Can gluten free diet help Graves’ disease/Hyperthyroidism? Can it cure it?
by Svetla Bankova
A million dollar question. That’s exactly the question that I’ve been asked over and over again in the past 10 years. The answer though is – it depends. But as Hippocrates said: “All diseases begin in the gut.” Was the man right so many centuries ago? I did some research and here are my thoughts on the subject:
If an individual has a healthy intestines and stomach, products like wheat, rye and barley are very unlikely to cause any problem. However, if there is an inflammation of the intestines or because of the over-processed and canned foods we constantly eat, there are no healthy bacteria to help the digestive process.
Such a person may develop the so called leaky gut syndrome. This leaky gut syndrome will occur if the lining of the intestines become impaired or inflamed and this will allow toxins and gluten, as well as other substances that are not supposed to be there to enter the blood stream, thus, alarming the immune system that there are invaders in the blood. Some researcher also believe that the leaky gut syndrome is caused mainly by antibiotics which can destroy the healthy bacteria in the large intestine, create conditions for yeast overgrowth and cause, finally, Celiac disease. While I do believe that antibiotics play certain role, that’s not all. The average person today consumes daily tons of medications ranging from painkillers to antidepressants and anxiety medications. If you think that these medications are not affecting the stomach flora, think again. Plus, you can add all the foods (all, with an exception of the organic), that contain all kinds of preservatives, stabilizers and chemicals that nobody knows what are there for and what they do to us. When the yeast (so called candida albikans) in the large intestines overgrows due to the above mentioned reasons it causes inflammation of the small intestine, which, in other perfect conditions will prevent the toxin and chemicals to get into the blood stream.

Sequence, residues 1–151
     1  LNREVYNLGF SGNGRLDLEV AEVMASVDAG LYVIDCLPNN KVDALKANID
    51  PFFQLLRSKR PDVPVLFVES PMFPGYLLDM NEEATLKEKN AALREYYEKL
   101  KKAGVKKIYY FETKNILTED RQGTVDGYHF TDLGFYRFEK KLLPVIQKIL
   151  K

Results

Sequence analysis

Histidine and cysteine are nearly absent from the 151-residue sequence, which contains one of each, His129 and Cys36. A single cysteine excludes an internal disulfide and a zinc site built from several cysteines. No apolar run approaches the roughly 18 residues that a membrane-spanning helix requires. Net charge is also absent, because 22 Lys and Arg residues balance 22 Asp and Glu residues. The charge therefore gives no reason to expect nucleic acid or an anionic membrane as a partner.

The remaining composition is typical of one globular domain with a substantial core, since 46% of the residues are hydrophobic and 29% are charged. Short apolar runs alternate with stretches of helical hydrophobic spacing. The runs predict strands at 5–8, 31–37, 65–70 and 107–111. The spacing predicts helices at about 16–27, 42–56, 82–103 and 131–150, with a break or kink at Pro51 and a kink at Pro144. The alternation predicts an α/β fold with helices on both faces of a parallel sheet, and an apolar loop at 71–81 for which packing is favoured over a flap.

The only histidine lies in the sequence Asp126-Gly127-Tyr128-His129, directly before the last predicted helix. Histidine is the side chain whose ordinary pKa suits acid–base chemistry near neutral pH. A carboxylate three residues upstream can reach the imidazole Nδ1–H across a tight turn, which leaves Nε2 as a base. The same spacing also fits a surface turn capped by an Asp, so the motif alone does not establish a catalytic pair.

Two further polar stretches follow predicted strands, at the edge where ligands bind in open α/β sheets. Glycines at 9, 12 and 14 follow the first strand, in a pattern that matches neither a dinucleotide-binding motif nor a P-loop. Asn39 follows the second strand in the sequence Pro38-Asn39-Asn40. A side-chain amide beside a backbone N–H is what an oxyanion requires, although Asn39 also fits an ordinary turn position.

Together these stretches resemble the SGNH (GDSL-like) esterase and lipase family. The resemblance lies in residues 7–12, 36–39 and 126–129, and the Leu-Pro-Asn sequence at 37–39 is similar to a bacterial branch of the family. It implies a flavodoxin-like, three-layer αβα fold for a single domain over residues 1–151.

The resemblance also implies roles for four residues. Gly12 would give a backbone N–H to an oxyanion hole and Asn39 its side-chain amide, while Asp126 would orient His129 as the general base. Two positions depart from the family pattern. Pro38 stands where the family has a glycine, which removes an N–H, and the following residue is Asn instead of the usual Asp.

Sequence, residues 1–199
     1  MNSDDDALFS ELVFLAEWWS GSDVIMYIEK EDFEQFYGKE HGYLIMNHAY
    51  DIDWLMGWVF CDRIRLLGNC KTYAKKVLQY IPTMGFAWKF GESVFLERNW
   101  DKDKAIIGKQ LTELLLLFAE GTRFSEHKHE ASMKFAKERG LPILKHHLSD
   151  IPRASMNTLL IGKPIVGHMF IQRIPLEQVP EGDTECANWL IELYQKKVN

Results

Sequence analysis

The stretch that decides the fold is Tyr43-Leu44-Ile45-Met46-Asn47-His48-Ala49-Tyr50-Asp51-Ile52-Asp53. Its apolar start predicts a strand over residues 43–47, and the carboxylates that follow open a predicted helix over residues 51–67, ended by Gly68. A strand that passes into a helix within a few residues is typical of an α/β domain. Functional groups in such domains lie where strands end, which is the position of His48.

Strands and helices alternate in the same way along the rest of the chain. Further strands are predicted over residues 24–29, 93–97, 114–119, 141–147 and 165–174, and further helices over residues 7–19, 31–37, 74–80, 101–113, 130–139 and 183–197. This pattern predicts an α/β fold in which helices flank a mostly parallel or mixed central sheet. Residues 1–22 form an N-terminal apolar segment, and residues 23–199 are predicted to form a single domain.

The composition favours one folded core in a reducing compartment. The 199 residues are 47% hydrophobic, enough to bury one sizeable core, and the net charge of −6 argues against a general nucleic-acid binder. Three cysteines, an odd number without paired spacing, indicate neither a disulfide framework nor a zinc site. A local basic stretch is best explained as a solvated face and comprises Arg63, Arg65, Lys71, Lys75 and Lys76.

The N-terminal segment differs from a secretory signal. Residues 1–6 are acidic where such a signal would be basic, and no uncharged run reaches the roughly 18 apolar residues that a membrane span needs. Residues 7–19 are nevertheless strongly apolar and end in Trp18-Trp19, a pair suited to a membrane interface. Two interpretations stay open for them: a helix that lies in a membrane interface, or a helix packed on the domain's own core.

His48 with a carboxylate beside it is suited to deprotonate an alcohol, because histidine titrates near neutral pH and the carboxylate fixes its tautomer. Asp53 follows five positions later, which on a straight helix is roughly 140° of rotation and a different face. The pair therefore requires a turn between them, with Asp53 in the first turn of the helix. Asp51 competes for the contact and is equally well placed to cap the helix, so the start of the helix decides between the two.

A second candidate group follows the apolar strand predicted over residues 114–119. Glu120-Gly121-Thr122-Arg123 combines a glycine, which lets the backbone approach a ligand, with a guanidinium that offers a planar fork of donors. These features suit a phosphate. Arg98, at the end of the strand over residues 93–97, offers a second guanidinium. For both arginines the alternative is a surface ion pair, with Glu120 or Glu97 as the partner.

I would think that this is how some of the autoimmune diseases are born, or at least that could be one of the reasons. Celiac disease, accordingly, is connected with this leaky gut syndrome and pertains to allergic reaction to gluten. It usually affects the small intestine and prevents the body to properly absorb food. Some of symptoms of celiac disease are diarrhea, abdominal pain, gas, irregular menstrual periods, weight loss, muscle cramps, skin problems of different kinds, mostly rashes, hair loss. These symptoms, as you may have noticed already, are very similar to some of the Graves’ disease and hyperthyroidism symptoms, and in fact some of hypothyroidism symptoms as well.
The evidence on the connection between Celiac disease and thyroid disorders is just piling up in the last few years, especially with the drastically increased number of children, diagnosed with Graves’ Disease. Why? Because children are more prone to eat unhealthy snacks, and school food, where parents have no control over it. (My daughter’s school served to children free milk with a lot of sugar in it, while a bottle of water cost $1/bottle. I am wondering why water is more expensive than milk in this school?)